January has been cold so far. Thankfully New York City apartments have come a long way since medieval European castles. I say this because although none of us have any square footage, most of these old brownstone apartments have old heating pipes with little temperature control. Mine seems to usually be more on the stifling side. 500 years ago, wealthy medieval folk used to insulate their dark, dank castles with tapestries, which though beautiful, are also impractical in today’s day and age. Even so, tapestries were very important during the middle ages, and were incredibly impressive to own. Seen as a luxury item, these large woven scenes could take up to years of multiple people working at once to complete.
Luckily for New Yorkers, we are super close to a spectacular tapestry series—The Hunt of the Unicorn, c. 1495-1500, on display at the Cloisters. I have talked about the Cloisters before—it is an amazing museum, and so worth the long trek all the way up the west side. The Hunt of the Unicorn is a series of seven tapestries, together depicting the hunt, capture and murder of the unicorn. It can be interpreted in two ways: in a religious context it compares the unicorn and his eventual death to that of Christ. Alternatively, the unicorn can be seen to stand for the bridge groom, who has gone through hardships to gain the love of his lady. The last tapestry in the series, The Unicorn in Captivity, shows the unicorn trapped in a pen; this can be seen as Christ resurrected in the heavenly garden, or as the married groom, who has now been domesticated (aka trapped in a pen!) by his bride. As a future married lady, I really hope this is not the general consensus…
Despite the multiple interpretations, you can’t argue that these beautiful tapestries aren’t incredible. On first glance, these woven works of art made me think of a luscious red velvet cake—rich and eye catching. After more research, I was a bit sad to learn that medieval tapestries were actually made of wool rather than velvet. Nevertheless, I still made a red velvet cake, because to be honest, red wool cake sounds pretty disgusting.
Red Velvet Cake
5 ½ ounces flour
4 ounces cake flour
½ ounce cocoa powder
1 teaspoon baking soda
pinch of salt
1 cup buttermilk
heavy squeeze of red food coloring
1 tablespoon white vinegar
1 teaspoon vanilla extract
10 ½ ounces brown sugar
4 ounces unsalted butter, room temperature
2 eggs, room temperature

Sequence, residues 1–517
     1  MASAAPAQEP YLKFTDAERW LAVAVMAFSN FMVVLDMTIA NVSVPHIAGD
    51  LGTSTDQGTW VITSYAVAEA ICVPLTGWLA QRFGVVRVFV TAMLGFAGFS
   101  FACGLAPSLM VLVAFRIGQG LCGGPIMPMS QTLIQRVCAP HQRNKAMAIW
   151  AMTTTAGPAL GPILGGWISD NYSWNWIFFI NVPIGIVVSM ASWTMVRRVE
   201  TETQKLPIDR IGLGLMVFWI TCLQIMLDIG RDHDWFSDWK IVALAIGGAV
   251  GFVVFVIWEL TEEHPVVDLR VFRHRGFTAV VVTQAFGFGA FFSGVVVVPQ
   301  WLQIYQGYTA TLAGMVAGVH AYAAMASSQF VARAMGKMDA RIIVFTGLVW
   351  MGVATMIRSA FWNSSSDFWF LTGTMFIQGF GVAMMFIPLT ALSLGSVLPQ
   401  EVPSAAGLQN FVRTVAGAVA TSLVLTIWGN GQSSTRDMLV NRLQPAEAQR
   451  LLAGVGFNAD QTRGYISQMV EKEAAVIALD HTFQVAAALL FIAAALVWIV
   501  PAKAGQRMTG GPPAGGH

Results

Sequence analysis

Cream Cheese Frosting
13 ½ ounces powdered sugar (so much sugar!)
12 ounces cream cheese, room temperature
3 ounces unsalted butter, room temperature
2 teaspoons vanilla extract
pinch of salt
Preheat the oven to 325˚F. Spray two 9-inch cake rounds with cooking spray and set aside. In small bowl, whisk together the flours, salt, baking soda and cocoa. In another small bowl, whisk together the buttermilk, vinegar, good coloring and vanilla. In the bowl of a stand mixer, beat together the butter and brown sugar for about 2 minutes. Add in the eggs, one at a time, mixing thoroughly after each addition. Now, add the wet and dry mixtures, alternating between: dry, wet, dry, wet, dry. Mix only until fully combined—do not over mix! Split evenly between the two cake pans, using a kitchen scale to ensure that two cakes are truly equal in weight. Bake cakes for about 30-32 minutes, on the middle rack of your oven, rotating half way through the baking time.
Let the cakes cool completely, and mix together the frosting while that is happening: Cream the cream cheese and the butter together in a stand mixer on medium speed. Scrape down the sides, and add in the salt and vanilla. Slowly add the powdered sugar, beating until the frosting reaches your desired consistency. Let refrigerate for at least 10 minutes while the cake finishes cooling.
Using an offset spatula, ice one layer of the cake; place the other layer on top, and ice. You can either stop now or ice the sides as well. Enjoy!
Recipe adapted from Alton Brown
Featured art: The Unicorn in Captivity, tapestry from the Hunt of the Unicorn series, Franco-Flemish, made in Brussels, c. 1495-1550